Conference on the Socio-Economic Integration of Migrant Women

Unitee will participate in the conference held by The European Network of Migrant Women at the European Social and Economic Committee about the socio-economic integration of migrant women. This is the final conference of the project Smart Volunteering for Female Migrants a multiagency cooperation project, between civil society, business community and highly skilled migrant women in five European states.

For registration click here

UNITEE Roundtable: “Building bridges: the role of New European entrepreneurs in the European Neighborhood Policy”

On Wednesday 27th September, UNITEE – The New European Business Confederation hosted the high-level roundtable Building bridges: the role of New European Entrepreneurs in the European Neighborhood policy. The roundtable was organised as part of the constant work of UNITEE to contribute to establish a positive narrative of migration. In this regard the topic chosen, at the crossroads between economy, migration and development, is of a particular interest in the framework of the currently discussed European Economic Diplomacy Strategy, together with its wider efforts to stabilize its neighborhood.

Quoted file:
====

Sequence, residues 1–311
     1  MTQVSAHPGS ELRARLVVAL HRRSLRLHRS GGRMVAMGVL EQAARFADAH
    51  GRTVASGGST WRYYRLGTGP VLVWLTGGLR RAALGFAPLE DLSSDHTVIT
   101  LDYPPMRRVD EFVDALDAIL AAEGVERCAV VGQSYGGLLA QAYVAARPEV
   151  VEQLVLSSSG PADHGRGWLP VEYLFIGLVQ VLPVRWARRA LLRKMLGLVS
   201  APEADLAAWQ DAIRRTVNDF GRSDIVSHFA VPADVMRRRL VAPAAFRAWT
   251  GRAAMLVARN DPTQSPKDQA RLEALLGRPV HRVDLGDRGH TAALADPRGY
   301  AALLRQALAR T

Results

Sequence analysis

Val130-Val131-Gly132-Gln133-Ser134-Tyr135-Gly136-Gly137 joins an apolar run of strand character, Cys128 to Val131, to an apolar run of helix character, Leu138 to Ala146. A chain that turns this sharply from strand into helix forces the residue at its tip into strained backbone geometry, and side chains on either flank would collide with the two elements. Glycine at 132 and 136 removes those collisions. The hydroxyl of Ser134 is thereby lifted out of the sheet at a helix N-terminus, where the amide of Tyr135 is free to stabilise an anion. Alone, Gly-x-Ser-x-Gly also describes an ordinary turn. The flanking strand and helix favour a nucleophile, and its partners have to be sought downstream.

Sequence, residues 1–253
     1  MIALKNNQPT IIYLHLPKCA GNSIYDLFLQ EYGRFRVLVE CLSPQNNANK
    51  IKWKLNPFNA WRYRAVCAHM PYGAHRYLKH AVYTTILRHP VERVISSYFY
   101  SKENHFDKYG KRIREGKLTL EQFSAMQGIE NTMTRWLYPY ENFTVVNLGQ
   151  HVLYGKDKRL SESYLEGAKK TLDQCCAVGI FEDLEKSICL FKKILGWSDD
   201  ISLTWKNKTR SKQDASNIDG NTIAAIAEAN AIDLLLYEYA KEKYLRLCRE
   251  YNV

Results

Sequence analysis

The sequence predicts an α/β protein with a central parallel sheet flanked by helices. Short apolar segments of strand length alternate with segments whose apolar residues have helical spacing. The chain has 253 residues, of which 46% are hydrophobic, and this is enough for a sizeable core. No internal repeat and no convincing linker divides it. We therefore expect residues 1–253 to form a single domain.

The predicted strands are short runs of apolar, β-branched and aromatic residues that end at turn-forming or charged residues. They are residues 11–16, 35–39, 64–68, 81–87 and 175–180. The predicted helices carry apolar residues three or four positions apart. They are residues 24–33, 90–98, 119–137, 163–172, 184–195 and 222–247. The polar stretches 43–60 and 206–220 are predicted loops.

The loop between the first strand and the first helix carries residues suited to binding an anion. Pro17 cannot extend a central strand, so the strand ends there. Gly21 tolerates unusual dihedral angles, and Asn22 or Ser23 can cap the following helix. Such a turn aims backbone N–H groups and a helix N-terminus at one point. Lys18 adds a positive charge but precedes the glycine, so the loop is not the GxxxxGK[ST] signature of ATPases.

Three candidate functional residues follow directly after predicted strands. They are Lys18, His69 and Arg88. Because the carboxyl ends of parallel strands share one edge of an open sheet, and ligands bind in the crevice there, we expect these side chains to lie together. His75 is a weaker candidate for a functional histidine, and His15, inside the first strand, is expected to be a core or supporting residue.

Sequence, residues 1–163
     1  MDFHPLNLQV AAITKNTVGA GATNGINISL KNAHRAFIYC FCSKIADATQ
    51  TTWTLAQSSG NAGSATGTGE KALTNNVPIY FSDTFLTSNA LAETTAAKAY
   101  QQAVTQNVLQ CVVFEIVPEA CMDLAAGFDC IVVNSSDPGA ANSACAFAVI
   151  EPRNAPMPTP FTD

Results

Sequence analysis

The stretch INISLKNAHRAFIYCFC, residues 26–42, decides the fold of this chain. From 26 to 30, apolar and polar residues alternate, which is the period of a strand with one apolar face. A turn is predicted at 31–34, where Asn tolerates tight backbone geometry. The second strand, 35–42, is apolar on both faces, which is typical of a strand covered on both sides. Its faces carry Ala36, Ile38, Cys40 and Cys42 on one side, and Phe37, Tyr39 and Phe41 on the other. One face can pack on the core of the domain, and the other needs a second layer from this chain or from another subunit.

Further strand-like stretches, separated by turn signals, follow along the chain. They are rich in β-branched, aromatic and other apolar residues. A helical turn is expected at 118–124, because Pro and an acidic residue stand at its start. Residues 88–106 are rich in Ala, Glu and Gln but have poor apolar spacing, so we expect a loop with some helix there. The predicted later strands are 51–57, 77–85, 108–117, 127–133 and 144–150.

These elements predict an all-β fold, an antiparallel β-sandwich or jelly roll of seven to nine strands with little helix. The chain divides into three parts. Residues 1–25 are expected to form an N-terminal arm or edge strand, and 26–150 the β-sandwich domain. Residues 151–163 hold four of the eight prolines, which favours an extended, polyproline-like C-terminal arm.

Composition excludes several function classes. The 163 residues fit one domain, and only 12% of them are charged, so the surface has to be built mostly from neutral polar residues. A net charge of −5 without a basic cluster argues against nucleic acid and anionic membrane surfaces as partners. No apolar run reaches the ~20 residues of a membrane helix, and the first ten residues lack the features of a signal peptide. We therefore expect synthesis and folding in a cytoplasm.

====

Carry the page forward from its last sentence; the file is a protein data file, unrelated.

The event, set in the intimate setting of UNITEE’s office in Place du Luxembourg 2, 1050 Ixelles, took place from 12.30 to 14.30. It was an opportunity for policy makers, practitioners and experts to debate on the important role migrant entrepreneurs can have in contributing to the political strategies of the EU in the relations with its neighborhood, if given the chance. The speakers were called to reflect on questions such as: Is there really a positive effect of New European entrepreneurs on their country of origin? How could the European Neighbourhood Policy take advantage from the engagement of New European entrepreneurs in order to pursue its long-term objectives of stabilisation and economic growth?

The roundtable started with an opening remark by MEP Brando Benifei, from the S&D group. Mr Benifei drew on his experience as Rapporteur for the labour market integration of refugees to remark the important contributions New European entrepreneurs give to the European economy and society; he pointed out that in some countries, such as his native Italy, from 2011 to 2015 migrants have been disproportionately creating jobs and companies. For this reason, Mr Benifei argued that this contribution needs to be acknowledged and fostered by national and European institutions: he called for unnecessary burdens to be scrapped, together with suggesting the possibility of using the Blue Card directive to help entrepreneurs from abroad to launch their business in the EU.